The Book

If anyone asked, it wasn't Fred's idea to place bets on whether Baby Noakes was a boy or girl. It was Police Constable David Thompson's idea.

Fred had run into Dave down the Hand and Shears one evening. They got to talking. Dave had been Peter Noakes' best friend since they were both nippers, and now the Noakes were planning to name their second child for him- if it was another boy.

"Sure it won't be, though," Dave shrugged with appropriate modesty. "I'd put ten bob on a girl."

Fred squinted keenly. "Would you really? I mean… is it allowed?"

The Betting and Gambling Act 1960 said nothing about babies, as far as Dave could recall. But he did know the new law had relaxed many of the old restrictions. There were licensed establishments now, where people could play darts or cards for small stakes in full sight of the law. Surely a baby was even more innocuous than a game of bridge? After all, there was no peeking at these cards.

Word spread quietly at the station, mostly among the young constables. Fred took half a dozen bets in the fortnight before Chummy's visit to Nonnatus. Nurse Trixie Franklin caught wind of this. (You could never pull the wool over her eyes, that Nurse Franklin.) She confronted Fred. To placate her, he'd offered to give the Noakes half the house's cut.

"But that would involve telling them," she'd pointed out. "We wouldn't want Chummy to think any less of you. Or for Peter to put a stop to all the fun…"

She put one pound, six shillings on a girl.

None of the other Nonnatans placed any bets until after Chummy's visit. (On Monday she checked into the London Hospital high-risk maternity ward. "Just a precaution," everyone kept reciting. "Just a precaution.") At first, Fred thought Nurse Franklin must have waited until Chummy left before even telling the others. Then he overheard them talking at supper. He realized they'd spent all weekend sizing up the odds.

"So what do we think, girls? Do we trust yesterday's ring on a string?" Nurse Mount teased.

"It's a girl. I'm sure of it." Nurse Franklin said as she drizzled oil over her salad. "Not that she's stealing her mother's looks, per se. But Chummy's just not glowing like she was with Freddie."

"Chummy spent six months in Africa before Freddie was born." Sister Mary Cynthia laughed softly as she passed through on her way to Compline. "That wasn't a glow, Trixie; it was a tan!"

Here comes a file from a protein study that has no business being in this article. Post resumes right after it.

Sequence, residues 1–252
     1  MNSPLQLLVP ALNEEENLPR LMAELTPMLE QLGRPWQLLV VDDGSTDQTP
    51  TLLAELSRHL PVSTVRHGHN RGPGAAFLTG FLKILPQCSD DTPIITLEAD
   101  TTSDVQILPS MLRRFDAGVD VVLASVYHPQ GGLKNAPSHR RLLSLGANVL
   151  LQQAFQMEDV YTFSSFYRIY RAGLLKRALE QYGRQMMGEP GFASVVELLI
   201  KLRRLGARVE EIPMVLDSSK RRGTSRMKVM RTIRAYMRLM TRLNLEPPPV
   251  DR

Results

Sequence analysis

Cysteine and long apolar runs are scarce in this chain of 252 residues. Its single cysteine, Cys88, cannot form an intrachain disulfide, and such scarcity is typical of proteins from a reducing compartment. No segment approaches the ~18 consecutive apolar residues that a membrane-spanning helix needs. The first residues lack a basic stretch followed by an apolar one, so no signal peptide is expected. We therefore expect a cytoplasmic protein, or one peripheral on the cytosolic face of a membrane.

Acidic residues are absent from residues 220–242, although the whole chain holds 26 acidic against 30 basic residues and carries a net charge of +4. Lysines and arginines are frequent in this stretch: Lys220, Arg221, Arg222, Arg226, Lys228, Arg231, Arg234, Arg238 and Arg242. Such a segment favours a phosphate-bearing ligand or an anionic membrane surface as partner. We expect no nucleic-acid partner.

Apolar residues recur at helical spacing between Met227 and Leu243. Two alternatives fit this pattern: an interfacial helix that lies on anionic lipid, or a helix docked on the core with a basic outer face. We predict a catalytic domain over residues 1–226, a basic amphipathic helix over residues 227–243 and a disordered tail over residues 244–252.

"My Mam swears by the way a woman carries," said Nurse Busby between bites of a nice corned beef sandwich. "High and wide it's a girl, low and narrow it's a boy. I'd put one pound on a boy."

"Did you hear that, Fred?" Nurse Franklin called over to the sitting room, where Fred was giving the chimney a thorough seeing-to during its summertime hiatus. "We are in need of your book!"

"Oh, don't take her in like that," Nurse Mount protested. "Think of your studies, Deels. Chummy's thirty-seven weeks on. Of course she's carrying low and narrow, now that Baby's head-"

Fred stuck his own head back up the chimney and began whistling 'Tulips from Amsterdam' before he could hear more details.

A few days later, Nurse Crane happened past while Fred was fixing a door hinge. She cast a glance about for eavesdroppers before asking:

"You got that book on you?" She lowered her voice. "The one on Baby Noakes?"

"Thought you weren't betting," he said.

"And I most certainly am not. I'm only curious to see what the others have wagered."

"A girl's favored, nearly three-to-one," Fred reported. "Nonnatus is an even split, just abouts. But the station's all in for a girl."

"All of them?"

"Yeah, well, they 'eard Peter's missus wants a girl this time…"

Fred had been amused at first. Bobbies kept coming up to him on their beat- some not half startling him with their solemn looks- and murmuring quietly.

Ten bob on a girl. A bit of sugar and spice for Mrs. Noakes, eh?

A quid says it's a girl this time. Hopes it is. Every mother wants one, and the Noakes ain't spring chickens, you know.

I 'eard she was the only girl out of seven kids. Don't seem right she'd be outnumbered again, does it? Let's have two quid for a girl.

It wasn't until Saturday evening and the raspberry scones, that Fred understood where the bobbies were coming from. Not long after she decided on the doll's name, Chummy had thanked Fred for the snacks and the pleasure of his company. He helped her up, and offered to clean up after them both. She merely pretended to protest. He saw her off with a peck on the cheek; it was only proper, after not seeing each other for so many months.

Then she tottered off, smiling at her tum and humming to herself. The tune was strange and droning, foreign to Fred's ears. But he could tell it was a lullaby by the slow simplicity of it. The song melted into the fading summer dusk, the lingering warm pinks.

He'd jotted a line in the "Girl" column, before he could chicken out. Vi would have his guts for garters if she knew. If he lost, he'd only have to cut back at the Hand and Shears until 1962.

Now every time he reached in his pocket, he felt the pinch, and remembered to hope as hard as he could.

Asha - £5

Nurse Crane scoffed. "They do realize they can't bribe the baby? Even if they could, they're far too late. This particular matter was settled many moons ago. Now it's only a waiting game."

"Ah, you know them bobbies though," Fred shrugged. "Romantics at heart, the lot of 'em."